]. Soils assessed in this study have pH ranging from 3.5 to 7. Acidic pH is associated with lower Ca and P content (<1 and <15 mg·kg−1
, respectively), and higher Fe and Cd content, as also observed in other studies [36
Critical non-biotic factors influencing Cd debris, according to the literature, includes soil pH, clay content, carbonates, and SOM content [37
]. Factors directly controlling Cd mobility, as reported in literature, are pH and soil type [21
]. In the present survey of cacao soils, the order of factors related to soil Cd were resistivity > P > SOM > Fe > pH > Ca, as shown on the PCA plot in Figure 9
Acidic soil pH was observed in Muzo (3.5), followed by San Vicente de Chucurí and Arauquita (4 and 4.6, respectively). Interestingly, farms in these municipalities have medium to high soil Cd content (0.54, 0.84, and 1.3 mg·kg−1
at Arauquita, Muzo, and San Vicente de Chucurí, respectively). At the same boundaries where acidic pH was found, a higher Fe content was also found (i.e., 16.54, 76, and 200 mg·kg−1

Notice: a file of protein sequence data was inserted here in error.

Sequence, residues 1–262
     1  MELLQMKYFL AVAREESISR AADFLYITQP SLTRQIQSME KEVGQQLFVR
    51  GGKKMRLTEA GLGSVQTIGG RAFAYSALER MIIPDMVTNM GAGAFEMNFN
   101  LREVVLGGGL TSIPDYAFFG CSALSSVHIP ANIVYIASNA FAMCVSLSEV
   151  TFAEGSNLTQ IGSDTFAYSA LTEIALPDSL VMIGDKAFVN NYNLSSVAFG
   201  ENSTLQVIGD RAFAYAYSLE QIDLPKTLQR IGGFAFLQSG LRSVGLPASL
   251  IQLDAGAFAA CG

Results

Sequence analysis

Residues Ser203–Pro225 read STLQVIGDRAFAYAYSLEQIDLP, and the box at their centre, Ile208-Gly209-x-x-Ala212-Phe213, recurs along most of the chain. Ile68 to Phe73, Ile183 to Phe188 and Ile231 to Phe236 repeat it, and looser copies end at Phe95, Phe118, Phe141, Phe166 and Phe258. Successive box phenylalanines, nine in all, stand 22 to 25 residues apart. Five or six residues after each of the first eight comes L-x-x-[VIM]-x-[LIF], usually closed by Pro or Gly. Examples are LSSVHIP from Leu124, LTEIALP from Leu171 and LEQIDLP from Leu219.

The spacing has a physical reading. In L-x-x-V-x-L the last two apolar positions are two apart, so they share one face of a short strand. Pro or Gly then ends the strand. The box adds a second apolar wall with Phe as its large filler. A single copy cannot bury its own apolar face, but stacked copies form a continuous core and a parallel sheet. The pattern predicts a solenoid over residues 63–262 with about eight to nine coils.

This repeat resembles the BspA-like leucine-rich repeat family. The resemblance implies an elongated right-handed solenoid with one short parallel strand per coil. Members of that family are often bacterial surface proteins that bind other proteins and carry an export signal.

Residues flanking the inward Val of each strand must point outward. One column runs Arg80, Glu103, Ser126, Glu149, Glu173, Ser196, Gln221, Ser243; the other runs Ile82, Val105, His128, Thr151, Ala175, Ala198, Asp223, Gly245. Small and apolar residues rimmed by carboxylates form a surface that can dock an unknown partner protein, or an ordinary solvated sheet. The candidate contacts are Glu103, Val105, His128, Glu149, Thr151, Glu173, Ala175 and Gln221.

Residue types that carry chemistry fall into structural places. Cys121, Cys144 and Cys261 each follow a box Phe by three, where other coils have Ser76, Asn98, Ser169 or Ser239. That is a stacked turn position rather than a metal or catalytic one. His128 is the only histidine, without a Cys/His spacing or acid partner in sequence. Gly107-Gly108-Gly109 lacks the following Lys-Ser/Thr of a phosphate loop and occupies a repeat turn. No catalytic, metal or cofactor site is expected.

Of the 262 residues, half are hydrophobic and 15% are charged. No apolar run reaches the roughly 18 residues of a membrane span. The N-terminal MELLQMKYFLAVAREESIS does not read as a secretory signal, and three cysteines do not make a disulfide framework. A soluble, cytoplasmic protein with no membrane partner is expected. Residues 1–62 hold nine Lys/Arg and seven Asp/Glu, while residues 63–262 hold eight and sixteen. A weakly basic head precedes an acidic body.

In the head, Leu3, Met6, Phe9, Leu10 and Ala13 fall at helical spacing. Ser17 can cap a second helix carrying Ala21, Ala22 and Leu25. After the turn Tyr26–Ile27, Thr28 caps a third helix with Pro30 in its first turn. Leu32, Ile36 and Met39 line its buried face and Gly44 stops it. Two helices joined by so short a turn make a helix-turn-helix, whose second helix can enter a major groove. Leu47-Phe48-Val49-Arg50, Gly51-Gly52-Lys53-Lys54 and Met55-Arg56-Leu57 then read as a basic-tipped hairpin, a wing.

in Arauquita, Muzo and San Vicente de Chucurí, respectively). Calcium, as shown in Figure 9
, is the least significant nutrient related to Cd distribution in soils of farms assessed in this study. However, its presence was enriched at the same boundaries where the level of Cd was found to be high. Thus, the flux of calcium and its role in Cd distribution should be addressed in further studies.
4.3. 2D-ERT Technique As a Proxy of Cd Dynamics